Bastion Review – The Kid Comes to PlayStation

Now we all can hear the story...

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When developer Supergiant Games first released Bastion on Xbox Live Arcade and PC, they gave us something special. Bastion was a game that enthralled us with its colorful environments, interesting enemies, and incredibly solid controls. The voice of the narrator carried us through a story that took us to various places within its dangerous, yet lush landscapes. Now for the first time ever, Bastion finally makes its way to PlayStation platforms. Gamers who never before dived into the Xbox ecosystem now have a chance to experience the moody tale of this broken-up world.

On the PlayStation 4, Bastion’s visuals look superb. While not much has changed since its original release, the game still has beautiful colorful visuals throughout the course of the story. For those unfamiliar, players take control of a protagonist known only as “The Kid,” whose story is told through a narration from an old man named Rucks. Most of every action taken by the player gets some sort of acknowledgement by the narrator, as if he were telling a story long past to someone new. While a lot of the events and backstory are vague at first, the tone and superb timing of the narration and music keep wanting you to continue seeing and learning more about The Kid’s world.


Bastion’s responsive controls are as great as ever. Playing on the PlayStation 4 DualShock controller feels comfortable and solid throughout the entire experience. Most of your attacks and abilities are mapped to the DualShock’s face buttons, while your movement is on the left analogue stick. You go through each level fighting enemies in real time while collection special crystals to help power up the main hub area known as The Bastion. As you defeat enemies you receive experience to help you level up, as well as currency to unlock new abilities, power up weapons, or increase the potency of shops located in The Bastion.


The amount of weapons and abilities you find throughout the story are abundant and vary the way you approach different situations. Some spots may be tougher with certain weapons, yet allow you to obtain more crystals or access hidden areas on the map. Other times, powering up a certain weapon or ability will make specific boss fights much easier to progress through. All in all, you have a lot of room to play with the way you customize your protagonist to your own play style. There are also a few optional places that don’t progress the story, but give you the chance to obtain more upgrades or other unlockables to aid you in combat.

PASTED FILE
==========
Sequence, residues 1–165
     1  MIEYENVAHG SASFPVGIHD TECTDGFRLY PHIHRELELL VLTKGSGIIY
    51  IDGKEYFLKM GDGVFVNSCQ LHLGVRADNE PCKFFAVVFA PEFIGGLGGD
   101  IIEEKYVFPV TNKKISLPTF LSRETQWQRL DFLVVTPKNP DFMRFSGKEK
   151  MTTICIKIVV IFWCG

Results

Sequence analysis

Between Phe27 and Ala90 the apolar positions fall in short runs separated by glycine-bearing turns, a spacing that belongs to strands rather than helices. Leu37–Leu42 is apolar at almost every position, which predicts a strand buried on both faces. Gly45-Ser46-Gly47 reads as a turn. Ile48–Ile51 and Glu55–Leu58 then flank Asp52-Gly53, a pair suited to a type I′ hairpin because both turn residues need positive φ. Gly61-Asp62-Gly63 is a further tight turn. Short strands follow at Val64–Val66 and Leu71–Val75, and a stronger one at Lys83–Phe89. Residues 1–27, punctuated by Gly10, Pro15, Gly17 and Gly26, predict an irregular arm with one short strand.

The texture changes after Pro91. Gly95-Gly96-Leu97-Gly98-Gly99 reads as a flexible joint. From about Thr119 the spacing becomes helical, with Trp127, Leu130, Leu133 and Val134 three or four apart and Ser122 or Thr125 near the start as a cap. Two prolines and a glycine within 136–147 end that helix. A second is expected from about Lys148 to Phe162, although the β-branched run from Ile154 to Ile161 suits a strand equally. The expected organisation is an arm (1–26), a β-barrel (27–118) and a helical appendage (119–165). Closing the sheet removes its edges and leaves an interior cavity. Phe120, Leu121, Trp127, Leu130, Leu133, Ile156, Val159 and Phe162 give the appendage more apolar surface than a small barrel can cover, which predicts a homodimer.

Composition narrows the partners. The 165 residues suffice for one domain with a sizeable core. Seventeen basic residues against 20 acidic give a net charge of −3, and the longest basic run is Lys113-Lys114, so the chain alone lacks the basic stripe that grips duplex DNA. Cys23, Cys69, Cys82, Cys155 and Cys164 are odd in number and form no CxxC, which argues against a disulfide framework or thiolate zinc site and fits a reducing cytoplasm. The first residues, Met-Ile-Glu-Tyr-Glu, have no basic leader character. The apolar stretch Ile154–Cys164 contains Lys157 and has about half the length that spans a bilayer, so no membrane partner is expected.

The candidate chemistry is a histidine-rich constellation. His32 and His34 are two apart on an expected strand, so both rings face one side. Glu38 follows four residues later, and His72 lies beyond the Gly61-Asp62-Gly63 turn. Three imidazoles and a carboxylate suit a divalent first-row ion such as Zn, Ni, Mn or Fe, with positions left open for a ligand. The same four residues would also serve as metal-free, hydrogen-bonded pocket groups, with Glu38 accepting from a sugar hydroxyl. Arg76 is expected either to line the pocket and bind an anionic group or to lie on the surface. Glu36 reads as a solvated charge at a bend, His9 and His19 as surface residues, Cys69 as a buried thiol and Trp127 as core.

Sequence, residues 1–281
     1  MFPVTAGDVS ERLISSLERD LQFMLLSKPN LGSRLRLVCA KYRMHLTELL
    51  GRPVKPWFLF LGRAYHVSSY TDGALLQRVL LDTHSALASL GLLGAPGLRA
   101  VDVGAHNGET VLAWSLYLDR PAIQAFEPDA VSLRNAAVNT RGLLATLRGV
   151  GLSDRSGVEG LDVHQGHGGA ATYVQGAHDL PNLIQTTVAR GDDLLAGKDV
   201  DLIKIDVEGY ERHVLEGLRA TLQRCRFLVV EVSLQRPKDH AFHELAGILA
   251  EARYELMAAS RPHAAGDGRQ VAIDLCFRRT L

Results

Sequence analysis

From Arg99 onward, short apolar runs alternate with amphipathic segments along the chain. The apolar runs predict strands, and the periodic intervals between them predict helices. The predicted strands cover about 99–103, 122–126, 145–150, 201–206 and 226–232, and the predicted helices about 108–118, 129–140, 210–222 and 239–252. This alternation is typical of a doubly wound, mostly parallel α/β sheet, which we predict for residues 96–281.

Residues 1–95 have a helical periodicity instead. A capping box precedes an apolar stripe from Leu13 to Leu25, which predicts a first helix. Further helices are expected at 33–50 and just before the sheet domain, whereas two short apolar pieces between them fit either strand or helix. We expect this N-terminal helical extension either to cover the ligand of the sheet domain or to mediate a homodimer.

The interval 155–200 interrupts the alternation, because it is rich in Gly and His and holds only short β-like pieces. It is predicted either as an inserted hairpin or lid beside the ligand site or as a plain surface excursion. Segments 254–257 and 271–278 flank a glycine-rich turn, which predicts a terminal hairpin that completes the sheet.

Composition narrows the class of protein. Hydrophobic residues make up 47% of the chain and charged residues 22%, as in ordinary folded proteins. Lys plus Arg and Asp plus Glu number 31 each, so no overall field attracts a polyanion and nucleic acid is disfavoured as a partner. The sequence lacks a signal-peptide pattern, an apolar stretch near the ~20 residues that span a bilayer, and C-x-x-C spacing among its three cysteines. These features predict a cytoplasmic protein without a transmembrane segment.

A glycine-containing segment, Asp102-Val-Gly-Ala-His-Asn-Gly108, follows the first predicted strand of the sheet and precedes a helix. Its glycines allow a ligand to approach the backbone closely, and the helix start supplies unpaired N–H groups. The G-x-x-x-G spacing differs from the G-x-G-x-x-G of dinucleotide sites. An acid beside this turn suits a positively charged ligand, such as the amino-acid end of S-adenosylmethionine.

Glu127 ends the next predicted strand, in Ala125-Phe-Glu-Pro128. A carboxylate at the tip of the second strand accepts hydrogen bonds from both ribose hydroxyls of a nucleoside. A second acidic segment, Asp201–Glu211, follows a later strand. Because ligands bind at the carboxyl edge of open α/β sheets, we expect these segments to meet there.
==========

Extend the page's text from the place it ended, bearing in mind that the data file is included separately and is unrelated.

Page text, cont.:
Much like its previous releases, Bastion on PlayStation 4 comes with all downloadable content that was on other platforms. In addition, you will have the ability to carry over your save data to your PlayStation Vita once the portable version is released. There is a trophy list for the game that isn’t too hard to complete once you play through the game a few times, and speaking of such, there is a New Game Plus mode you can start once you complete the main story, carrying over all of your upgrades, weapons, abilities, and unlockables to your next play through. For the completionist and trophy hunters out there, it will be necessary to play through the game at least two to three times to obtain all of the game’s secrets, including an alternate ending to the main story.


Bastion has been, and still is, a great experience for anyone to play through. Supergiant Games’ unique style looks just as good now on PlayStation 4 as it had looked before. If you crave something with some unique style and tone on your PlayStation console, then look no further than Bastion. Those who have experienced Bastion on Xbox Live Arcade or PC may have little reason to jump in again, but that doesn’t take away all the goodness that the game provides. If you’re new however and never played the original release of the game, then I highly suggest you do so. You’ll thank yourself later for it.

This review was based on a digital copy of Bastion for the PlayStation 4 provided by Supergiant Games.

  • Story
  • Graphics
  • Gameplay
  • Sound
  • Value
About The Author
Jakejames Lugo Senior Editor
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